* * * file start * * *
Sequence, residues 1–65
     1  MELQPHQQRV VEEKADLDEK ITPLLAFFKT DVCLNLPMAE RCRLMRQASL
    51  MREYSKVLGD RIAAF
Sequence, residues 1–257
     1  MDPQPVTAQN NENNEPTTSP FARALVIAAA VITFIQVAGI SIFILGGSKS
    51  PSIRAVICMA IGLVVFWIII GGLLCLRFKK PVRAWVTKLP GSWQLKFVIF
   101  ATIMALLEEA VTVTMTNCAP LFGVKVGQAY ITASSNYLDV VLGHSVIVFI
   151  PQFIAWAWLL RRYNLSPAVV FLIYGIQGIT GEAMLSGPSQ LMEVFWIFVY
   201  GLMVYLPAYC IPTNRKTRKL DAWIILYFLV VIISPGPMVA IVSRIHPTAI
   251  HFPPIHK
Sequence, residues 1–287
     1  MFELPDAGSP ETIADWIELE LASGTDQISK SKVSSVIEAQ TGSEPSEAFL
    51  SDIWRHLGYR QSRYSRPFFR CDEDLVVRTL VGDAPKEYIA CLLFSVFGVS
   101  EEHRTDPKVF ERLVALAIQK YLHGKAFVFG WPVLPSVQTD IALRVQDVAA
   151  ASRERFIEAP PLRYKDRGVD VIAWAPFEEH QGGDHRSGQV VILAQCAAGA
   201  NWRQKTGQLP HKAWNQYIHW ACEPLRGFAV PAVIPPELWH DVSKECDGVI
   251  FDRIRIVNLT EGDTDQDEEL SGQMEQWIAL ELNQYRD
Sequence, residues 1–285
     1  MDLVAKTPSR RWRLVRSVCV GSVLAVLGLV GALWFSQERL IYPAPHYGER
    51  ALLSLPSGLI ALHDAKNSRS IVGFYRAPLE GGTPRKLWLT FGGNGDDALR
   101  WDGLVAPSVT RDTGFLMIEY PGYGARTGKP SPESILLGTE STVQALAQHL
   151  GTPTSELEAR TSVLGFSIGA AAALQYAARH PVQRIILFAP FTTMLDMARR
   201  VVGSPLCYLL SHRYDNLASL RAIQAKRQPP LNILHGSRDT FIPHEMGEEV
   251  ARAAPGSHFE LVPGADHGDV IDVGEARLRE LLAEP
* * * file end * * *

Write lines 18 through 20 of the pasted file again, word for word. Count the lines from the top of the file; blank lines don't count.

Sequence, residues 1–285
     1  MDLVAKTPSR RWRLVRSVCV GSVLAVLGLV GALWFSQERL IYPAPHYGER
    51  ALLSLPSGLI ALHDAKNSRS IVGFYRAPLE GGTPRKLWLT FGGNGDDALR